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The NVIDIA GTX 750 Ti Maxwell Continues Running Great On Linux

Filed under
Graphics/Benchmarks
Hardware

Back on Tuesday I delivered a launch-day review of the NVIDIA GeForce GTX 750 Ti on Linux. This first graphics card built on NVIDIA's new Maxwell architecture has been running fantastic under Linux for being a mid-range graphics card. The GM107 GPU core found on the GTX 750 Ti is incredibly power efficient, as was shown in numerous articles on launch-day. For those curious more about the GeForce GTX 750 Ti Linux performance, here are some more OpenCL and OpenGL performance results.

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More in Tux Machines

4MLinux 12.0 Beta Arrives with Better Support for Watching and Downloading YouTube Videos

Zbigniew Konojacki had the pleasure of announcing today, March 28, on his Twitter account that the development cycle towards the 4MLinux 12.0 computer operating system has started with the Beta release for the 4MLinux Allinone Edition, 4MLinux Core, and 4MLinux distributions. Read more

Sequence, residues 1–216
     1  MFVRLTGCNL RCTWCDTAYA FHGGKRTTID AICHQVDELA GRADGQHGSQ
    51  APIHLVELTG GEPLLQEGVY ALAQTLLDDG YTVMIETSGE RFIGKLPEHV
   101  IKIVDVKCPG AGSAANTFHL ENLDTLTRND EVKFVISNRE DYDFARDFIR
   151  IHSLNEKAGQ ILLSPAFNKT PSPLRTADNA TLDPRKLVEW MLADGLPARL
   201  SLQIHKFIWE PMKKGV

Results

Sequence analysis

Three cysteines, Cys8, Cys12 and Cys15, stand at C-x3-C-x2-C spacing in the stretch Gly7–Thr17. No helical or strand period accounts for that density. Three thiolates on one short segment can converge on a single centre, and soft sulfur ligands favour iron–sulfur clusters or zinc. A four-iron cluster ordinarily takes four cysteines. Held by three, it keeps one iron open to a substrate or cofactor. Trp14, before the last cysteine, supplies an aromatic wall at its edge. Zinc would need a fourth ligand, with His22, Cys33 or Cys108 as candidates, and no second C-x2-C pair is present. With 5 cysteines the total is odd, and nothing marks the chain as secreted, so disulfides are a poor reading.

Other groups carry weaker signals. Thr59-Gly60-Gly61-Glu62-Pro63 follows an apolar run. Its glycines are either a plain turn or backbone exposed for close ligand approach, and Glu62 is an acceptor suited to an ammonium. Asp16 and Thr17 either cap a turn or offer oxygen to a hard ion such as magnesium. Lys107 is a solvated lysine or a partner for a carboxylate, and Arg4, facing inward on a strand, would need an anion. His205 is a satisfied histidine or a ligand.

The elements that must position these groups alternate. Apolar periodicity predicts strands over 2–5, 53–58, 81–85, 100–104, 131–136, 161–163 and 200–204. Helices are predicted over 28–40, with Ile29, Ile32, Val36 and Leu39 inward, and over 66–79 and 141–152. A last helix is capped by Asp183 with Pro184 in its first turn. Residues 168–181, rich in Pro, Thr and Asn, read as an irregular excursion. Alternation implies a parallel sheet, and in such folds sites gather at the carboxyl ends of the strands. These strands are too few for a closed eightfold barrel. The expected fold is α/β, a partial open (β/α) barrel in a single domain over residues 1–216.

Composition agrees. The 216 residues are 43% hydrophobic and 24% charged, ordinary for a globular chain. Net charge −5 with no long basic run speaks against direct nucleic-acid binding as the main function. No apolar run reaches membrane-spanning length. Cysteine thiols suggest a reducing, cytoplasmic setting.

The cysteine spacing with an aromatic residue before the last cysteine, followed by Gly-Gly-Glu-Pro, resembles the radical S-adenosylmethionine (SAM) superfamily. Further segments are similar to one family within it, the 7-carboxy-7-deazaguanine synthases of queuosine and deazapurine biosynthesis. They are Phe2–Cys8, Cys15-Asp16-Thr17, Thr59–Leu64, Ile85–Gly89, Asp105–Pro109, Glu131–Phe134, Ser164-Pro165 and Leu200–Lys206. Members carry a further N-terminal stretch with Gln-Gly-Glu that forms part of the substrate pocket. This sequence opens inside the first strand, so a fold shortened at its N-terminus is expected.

Gorgeous Live Voyager X Distro Brings Xfce 4.12 to Ubuntu 14.04 LTS - Video and Screenshot Tour

On March 27, 2015, French developer Rodolphe Bachelart, the creator of the Live Voyager series of GNU/Linux distributions based on Ubuntu/Xubuntu, was proud to announce the immediate availability for download of a new computer operating system, Live Voyager X 14.04.4 LTS. Read more

Head 2 Head: Android OS vs. Chrome OS

A large part of Google’s OS success hasn’t been because of its awesomeness. No. Frankly, we think nothing speaks louder than the almighty dollar in this world. But both are “free,” right? So this is tie? Not really. Although Android is technically free since Google doesn’t charge device makers for it, there are costs associated with getting devices “certified.” Oh, yeah, and then there’s Apple and Microsoft, both of which get healthy payouts from device makers through patent lawsuits. Microsoft reportedly makes far more from Android sales than Windows Phone sales. You just generally don’t see the price because it’s abstracted by carriers. Chrome OS, on the other hand, actually is pretty much free. A top-ofthe-line Chromebook is $280, while a top-of-the-line Android phone full retail is usually $600. We’re giving this one to Chrome OS because if it’s generally cheaper for the builder, it’s cheaper for you. Read more